Changing lifestyles might be resulting in changes in the frequency of exposure to these organisms, or changes in the timing of exposure. The latter is an interesting concept. Modern living could cause delayed infection, so that the child encounters the virus after levels of antibody derived from the mother have fallen to an ineffective level, or when the immune system has achieved a different stage of development. This might cause significant changes in pathology.  

Children are exposed to many types of infection. However when considered in the light of the evolutionary considerations outlined above, it becomes clear that the childhood virus infections are extraordinarily unlikely to be important in this context, and this prediction has been substantiated in several studies.

In short, the history of our interactions with these organisms establishes the fact that they were not part of the human EEA, and in any case they were not appropri- ate for the setting up of a relationship such as evolved dependence.

Thus as might be expected, the common infections of childhood do not, with notable exceptions considered in a later section, protect from allergic disorders. Children in daycare centres do not have an increased risk of atopy if they wash more often and reduce their infection rate.

There are several reports that protection from allergies is associated with evidence of infection with organisms that are transmitted by the faeco-oral route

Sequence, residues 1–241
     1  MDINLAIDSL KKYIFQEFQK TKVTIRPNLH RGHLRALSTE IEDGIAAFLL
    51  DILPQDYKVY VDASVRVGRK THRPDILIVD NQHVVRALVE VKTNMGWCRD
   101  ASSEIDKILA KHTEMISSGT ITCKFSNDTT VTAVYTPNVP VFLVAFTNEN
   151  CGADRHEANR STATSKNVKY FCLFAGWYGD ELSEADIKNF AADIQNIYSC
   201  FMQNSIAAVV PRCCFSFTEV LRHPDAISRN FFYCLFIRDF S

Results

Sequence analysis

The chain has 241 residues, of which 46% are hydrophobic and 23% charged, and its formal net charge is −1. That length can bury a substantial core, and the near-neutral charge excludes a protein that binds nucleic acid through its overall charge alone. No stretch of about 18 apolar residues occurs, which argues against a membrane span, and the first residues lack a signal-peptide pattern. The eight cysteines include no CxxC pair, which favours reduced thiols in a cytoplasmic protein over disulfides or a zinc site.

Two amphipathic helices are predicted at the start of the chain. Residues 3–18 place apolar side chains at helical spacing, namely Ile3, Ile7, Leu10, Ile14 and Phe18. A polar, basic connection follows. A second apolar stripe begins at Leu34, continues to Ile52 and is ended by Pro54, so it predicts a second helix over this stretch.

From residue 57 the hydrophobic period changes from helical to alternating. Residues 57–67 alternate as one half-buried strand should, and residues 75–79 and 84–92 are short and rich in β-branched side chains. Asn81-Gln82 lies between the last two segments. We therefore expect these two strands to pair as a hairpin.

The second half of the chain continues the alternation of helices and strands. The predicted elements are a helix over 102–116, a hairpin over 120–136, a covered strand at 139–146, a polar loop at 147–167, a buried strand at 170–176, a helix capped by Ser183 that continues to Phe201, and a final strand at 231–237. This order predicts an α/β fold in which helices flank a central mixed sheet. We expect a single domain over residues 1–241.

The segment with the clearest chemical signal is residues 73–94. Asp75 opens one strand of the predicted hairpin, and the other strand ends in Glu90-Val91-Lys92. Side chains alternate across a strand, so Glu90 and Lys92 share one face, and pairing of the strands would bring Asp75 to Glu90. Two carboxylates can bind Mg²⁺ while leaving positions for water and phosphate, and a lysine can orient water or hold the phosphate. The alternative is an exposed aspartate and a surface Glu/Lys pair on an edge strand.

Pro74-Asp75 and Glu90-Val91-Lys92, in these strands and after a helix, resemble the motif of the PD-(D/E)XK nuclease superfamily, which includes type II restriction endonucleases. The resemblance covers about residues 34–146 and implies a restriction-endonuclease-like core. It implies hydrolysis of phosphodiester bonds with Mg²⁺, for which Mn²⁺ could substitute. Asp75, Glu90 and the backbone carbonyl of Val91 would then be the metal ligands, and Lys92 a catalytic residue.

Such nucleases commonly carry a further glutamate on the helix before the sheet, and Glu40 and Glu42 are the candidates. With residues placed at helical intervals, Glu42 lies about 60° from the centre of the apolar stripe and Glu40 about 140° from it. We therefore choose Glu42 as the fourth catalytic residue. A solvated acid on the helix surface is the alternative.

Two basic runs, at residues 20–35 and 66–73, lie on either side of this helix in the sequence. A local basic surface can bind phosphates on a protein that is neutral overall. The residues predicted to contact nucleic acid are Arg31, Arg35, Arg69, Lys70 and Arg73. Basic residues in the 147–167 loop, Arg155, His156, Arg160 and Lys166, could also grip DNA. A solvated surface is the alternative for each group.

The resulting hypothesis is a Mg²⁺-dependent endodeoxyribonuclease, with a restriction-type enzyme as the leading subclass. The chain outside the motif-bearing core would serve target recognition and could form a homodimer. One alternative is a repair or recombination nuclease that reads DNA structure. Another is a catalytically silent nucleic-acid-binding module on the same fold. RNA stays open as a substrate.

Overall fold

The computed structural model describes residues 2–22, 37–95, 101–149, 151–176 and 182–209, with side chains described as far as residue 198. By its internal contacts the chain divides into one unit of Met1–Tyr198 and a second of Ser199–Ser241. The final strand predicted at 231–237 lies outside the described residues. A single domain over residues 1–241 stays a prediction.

Conclusion:

Man’s interactions with the organisms described above extends back into the Palaeolithic, with the exception of BCG, though other mycobacteria were always abundant. We designate these organisms ‘old friends’, to emphasise the duration of these interactions, and their evolutionary significance. Importantly, the ‘old friends’ all satisfy the following criteria:

Abundant during mammalian evolution (i.e., going back much further than the ~500 generations since the start of agriculture)

Virtually absent, and increasingly so over the last century, from the modern environment

Proven to have therapeutic effects in animal models of chronic inflammatory disorders

Some proven to have therapeutic effects in human clinical trials" [ib.]



Quote :
"Adjuvant effects

One important aspect of microbe-dependent immunoregulation is adjuvanticity leading to enhanced responses rather than downregulation. Clearly these two facets of immunoregulation are closely related. The interplay between the two is particularly clear in relation to cancer. Microbial components such as endotoxin (LPS) are powerful adjuvants that can enhance immune responses. Workers in the cotton industry in Shanghai are heavily exposed to LPS, and they are reported to have reduced incidences of cancers of the oesophagus, stomach, breast and lung. Similarly dairy workers, who are exposed to a multitude of microbial components including LPS, are also protected from lung cancer. In the 1970s a number of authors claimed that BCG vaccination protected against leukaemia and other haematological tumours, though the validity of the findings remains uncertain. More recently it has been suggested that BCG or smallpox vaccine can pro- tect against melanoma.